Economic development going regional

The Rainy River Future Development Corp. will be lobbying area municipal leaders to give the nod to a $7 per capita fee for economic development during the Rainy River District Municipal Association’s annual meeting here Saturday.
If so, the federal government will match municipal dollars up to $100,000.
Rainy River, Emo, Chapple and La Vallee already have jumped on board, with Fort Frances council agreeing unanimously Monday night to also pay a $60,000 flat rate for economic development rather than the fee-for-service arrangement it had with the RRFDC since 1995.
That will save the town $40,000 from its proposed 1998 economic development budget.
In a presentation to council, RRFDC community investment manager Geoff Gillon, who also is the town’s economic development advisor, urged the town to take this route.
He hoped regional development would foster community partnerships rather than pit one community against the other.
“We see this as just a new way of funding economic development,” Gillon noted. “The more positives we bring to the region, the better it is for all of us.”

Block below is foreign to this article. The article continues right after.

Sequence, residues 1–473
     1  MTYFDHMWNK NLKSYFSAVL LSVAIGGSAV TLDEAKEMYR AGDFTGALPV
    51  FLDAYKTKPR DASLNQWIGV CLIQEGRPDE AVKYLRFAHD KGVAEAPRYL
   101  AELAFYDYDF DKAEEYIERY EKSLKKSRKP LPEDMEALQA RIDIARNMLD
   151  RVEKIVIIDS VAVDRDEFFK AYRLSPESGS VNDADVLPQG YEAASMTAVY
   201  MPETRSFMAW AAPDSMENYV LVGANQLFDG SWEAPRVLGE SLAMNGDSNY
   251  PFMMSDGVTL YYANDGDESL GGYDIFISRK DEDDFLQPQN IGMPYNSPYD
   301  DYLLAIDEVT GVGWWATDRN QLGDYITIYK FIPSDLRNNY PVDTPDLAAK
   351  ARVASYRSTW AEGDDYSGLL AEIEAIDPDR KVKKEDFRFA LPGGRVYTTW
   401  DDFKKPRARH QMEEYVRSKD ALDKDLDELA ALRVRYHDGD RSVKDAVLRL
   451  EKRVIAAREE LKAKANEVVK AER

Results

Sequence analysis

“Obviously whatever is good for the community is good for the district,” echoed Bill Gushulak, chairman of the town’s economic development committee.
For 1998, Ottawa will match up to $100,000 of the money contributed by the district’s municipalities (meaning a $200,000 total), as well as continue its $200,000 funding for the RRFDC’s operations and put $50,000 toward a satellite office in Emo.
That spells $450,000 for economic development in the district, Mayor Glenn Witherspoon noted.
While the town will give up control over each project, the RRFDC stressed it still would work closely with the EDC and council for direction.
“The industrial park is definitely something that we have to do for Fort Frances,” Gillon noted. “The big thing is to make sure the Town of Fort Frances gets served.
“And I’m quite confident it will.”
If council had wanted to stay with the fee-for-service, it would not have been able to continue its contract with the RRFDC. Chairman Dick Lyons felt it might be perceived as a conflict.
“I think the board would frown on it,” he remarked.
In other news, the RRDMA also will hear presentations Saturday from:
othe area services board working group;
othe Northwestern Health Unit and Rainycrest Home for the Aged;
othe Northwest Ontario Recycle Association and Rainy River Valley Safety Coalition;
oMPPs Howard Hampton (NDP) and Frank Miclash (Lib.); and
ovarious ministries, including Municipal Affairs and Housing, Northern Development and Mines, and Community and Social Services.